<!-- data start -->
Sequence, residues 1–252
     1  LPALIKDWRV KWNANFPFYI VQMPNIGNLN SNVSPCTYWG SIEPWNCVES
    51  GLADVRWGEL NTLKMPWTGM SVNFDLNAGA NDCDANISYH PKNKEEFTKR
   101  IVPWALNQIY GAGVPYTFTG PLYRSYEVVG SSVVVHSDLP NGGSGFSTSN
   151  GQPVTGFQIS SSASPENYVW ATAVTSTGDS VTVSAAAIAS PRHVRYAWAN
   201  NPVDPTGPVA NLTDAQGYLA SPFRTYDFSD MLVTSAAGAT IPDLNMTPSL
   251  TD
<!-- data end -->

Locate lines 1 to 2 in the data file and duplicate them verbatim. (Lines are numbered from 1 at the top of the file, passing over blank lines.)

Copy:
Sequence, residues 1–252
     1  LPALIKDWRV KWNANFPFYI VQMPNIGNLN SNVSPCTYWG SIEPWNCVES